Adhesive post-surgical SBO has a high rate of morbidity and mortality, with an even poorer prognosis from previous oncologic operations. There is a surgery teaching dogma says that “to never let sun rise and set on a episode of small bowel obstruction”. In the past decade, two thirds SBOs were managed with conservative treatment, one third need aggressive operative treatment.6 Laparotomy is the standard care for SBO even though this approach tends to generate new adhesions and predisposes the patient to more recurrence of SBO due to the operative abdominal wall trauma, peritoneal cavity bleeding and surgical site infection. Compared with laparoscopy, open surgery seems increase the risk of SBO by a factor of four.3 Laparoscopy has been shown to be superior to open surgery in the management of adhesive SBO with less pain, faster recovery, less invasive, fewer complications and shorter hospital stays.1214 With the combination of sharp dissection with use of electrocautery or the ultrasonic scalpel for lysis of adhesions and attention to active electrode of the instrument while gently grasping the opposite small bowel, the risk of inadvertent iatrogenic perforation may be significantly reduced.11 With the refinement of laparoscopic technique, less than 25% of cases of SBO were need conversion to laparotomy.15

Non-surgical, internal intestinal splinting using a nasointestinal ileus tube under fluoroscopy is simple, safe and effective treatment of recurrent adhesive SBO, even in some inoperable patients and showed promising outcomes. Long tube placement during operative SBO was more popular utilization in Japan than Western countries.16 The ileus tube has advantages over nasogatric tube in initial or palliative treatment of SBO.10,17 Transnasal ileus tube intubation can provide early intestinal decompression, sufficient working space and accurate diagnostic information to indicate the obstruction site and transition zone for laparoscopic resection of SBO.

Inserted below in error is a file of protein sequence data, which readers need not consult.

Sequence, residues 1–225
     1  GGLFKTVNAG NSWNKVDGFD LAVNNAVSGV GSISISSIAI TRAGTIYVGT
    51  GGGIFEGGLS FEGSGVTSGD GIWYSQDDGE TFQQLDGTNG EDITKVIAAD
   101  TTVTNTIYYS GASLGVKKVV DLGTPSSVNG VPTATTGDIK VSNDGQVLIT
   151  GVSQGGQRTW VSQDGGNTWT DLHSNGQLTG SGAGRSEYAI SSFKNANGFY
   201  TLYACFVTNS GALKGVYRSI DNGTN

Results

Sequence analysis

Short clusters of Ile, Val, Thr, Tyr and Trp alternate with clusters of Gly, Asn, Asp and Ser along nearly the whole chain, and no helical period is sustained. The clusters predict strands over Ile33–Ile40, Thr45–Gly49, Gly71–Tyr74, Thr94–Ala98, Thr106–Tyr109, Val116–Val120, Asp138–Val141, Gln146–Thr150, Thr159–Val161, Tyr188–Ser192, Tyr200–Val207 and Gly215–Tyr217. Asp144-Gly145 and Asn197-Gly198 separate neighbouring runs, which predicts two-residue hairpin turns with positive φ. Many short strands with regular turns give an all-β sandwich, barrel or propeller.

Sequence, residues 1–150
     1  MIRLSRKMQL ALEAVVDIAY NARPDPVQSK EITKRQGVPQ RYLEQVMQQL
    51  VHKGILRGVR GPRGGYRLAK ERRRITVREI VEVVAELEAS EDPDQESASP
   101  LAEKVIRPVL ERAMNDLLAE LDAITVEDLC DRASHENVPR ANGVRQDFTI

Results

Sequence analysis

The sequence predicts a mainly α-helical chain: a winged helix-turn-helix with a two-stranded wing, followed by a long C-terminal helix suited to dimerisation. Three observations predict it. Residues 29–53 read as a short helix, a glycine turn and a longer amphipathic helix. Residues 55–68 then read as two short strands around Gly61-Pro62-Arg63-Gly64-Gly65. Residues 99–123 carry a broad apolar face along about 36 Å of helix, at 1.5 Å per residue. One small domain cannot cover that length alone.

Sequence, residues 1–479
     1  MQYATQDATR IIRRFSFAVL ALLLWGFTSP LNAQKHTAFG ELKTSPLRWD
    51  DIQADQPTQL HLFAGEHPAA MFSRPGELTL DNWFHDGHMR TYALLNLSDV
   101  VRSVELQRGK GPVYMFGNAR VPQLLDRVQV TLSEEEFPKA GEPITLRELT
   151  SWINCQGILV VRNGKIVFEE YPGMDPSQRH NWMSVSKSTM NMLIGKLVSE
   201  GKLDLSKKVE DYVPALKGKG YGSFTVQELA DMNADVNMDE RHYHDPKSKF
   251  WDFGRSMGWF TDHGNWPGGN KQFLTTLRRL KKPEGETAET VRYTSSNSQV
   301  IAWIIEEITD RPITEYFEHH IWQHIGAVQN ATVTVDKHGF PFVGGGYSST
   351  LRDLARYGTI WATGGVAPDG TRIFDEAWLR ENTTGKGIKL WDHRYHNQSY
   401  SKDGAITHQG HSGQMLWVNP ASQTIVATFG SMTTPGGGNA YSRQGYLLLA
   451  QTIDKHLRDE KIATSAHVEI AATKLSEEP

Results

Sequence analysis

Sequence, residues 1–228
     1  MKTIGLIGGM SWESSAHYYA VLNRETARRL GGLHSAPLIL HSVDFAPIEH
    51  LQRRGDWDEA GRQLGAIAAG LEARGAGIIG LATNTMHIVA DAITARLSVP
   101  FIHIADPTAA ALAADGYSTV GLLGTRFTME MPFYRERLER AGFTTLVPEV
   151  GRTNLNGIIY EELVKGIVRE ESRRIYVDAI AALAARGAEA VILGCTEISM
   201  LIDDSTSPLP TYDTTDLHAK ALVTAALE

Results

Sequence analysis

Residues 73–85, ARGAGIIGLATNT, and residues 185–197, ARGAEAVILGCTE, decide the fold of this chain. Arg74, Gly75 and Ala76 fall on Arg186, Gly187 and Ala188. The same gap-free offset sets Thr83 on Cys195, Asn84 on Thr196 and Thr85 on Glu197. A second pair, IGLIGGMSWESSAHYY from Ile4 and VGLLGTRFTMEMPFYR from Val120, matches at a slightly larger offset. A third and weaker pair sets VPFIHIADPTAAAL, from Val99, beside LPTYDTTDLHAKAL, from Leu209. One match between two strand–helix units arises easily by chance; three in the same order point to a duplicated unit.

Laparoscopy and ileus tube may be a good marriage in the treatment of intractable SBO. Ileus tube intubation either pre or post laparoscopic adhesiolysis may increase the success rate of SBO therapy. Optional use these two minimally invasive techniques would decrease the conversion rate to laparotomy, especially in some oncologic patients with advanced disease.18,19

The limitation of the case series is its small sample size and a single institutional retrospective experience. Further large scale randomized controlled trials are warranted to demonstrate the benefit of this mini-invasive strategy in the treatment of refractory SBO.

Conflicts of Interest

No potential conflict of interest relevant to this article was reported.


This project was supported by Changzhou High-Level Medical Talent Training Project (2016CZBJ059).

Article information

International Journal of Gastrointestinal Intervention.Jan 31, 2019; 8(1): 55-58.
Published online 2019-01-31. doi:  10.18528/ijgii170020
1Department of General Surgery, The Affiliated Wujin Hospital, Jiangsu University, Changzhou, China
2Department of Radiology, The Affiliated Wujin Hospital, Jiangsu University, Changzhou, China
*Department of Radiology, The Affiliated Wujin Hospital, Jiangsu University, 2 North Yongning Road, Changzhou 213017, China. E-mail (H.-J. Shi). ORCID:
Received October 23, 2017; Accepted June 11, 2018.
Articles from International Journal of Gastrointestinal Intervention are provided here courtesy of International Journal of Gastrointestinal Intervention


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Figure 1

Coronal enhanced computed tomography imaging shows small bowel vovulus with mesenteric vessels rotation.

Figure 2

Laparoscopic image reveals a single adhesive band (long arrow) and proximal obstructed bowel distension (short arrow).

Figure 3

Radiography demonstrates ileus tube passing beyond the anus 5 days post laparoscopy.

Table 1

Baseline Patient Characteristics and Clinical Outcomes

Case no. Age (yr) Sex Prior operation ASA WBC (109/L) SBO therapy Hospital stay (day) Follow-up (mo)
1 62 M Gastric cancer, 8 mo 2 3.00 Ileus tube 20 12 (died)
2 51 M Gastric cancer, 24 mo 2 10.89 LS + ileus tube 14 18
3 76 M Gastric cancer, 32 mo 3 3.66 Ileus tube + LS 20 16
4 67 M Rectal cancer, 9 days 3 7.83 Ileus tube 33 10
5 57 M Rectal cancer, 17 mo 2 6.93 Ileus tube + LS 17 2

ASA, American Society of Anesthesiologists; WBC, white blood cell; SBO, small bowel obstruction; M, male; LS, laparoscopic surgery.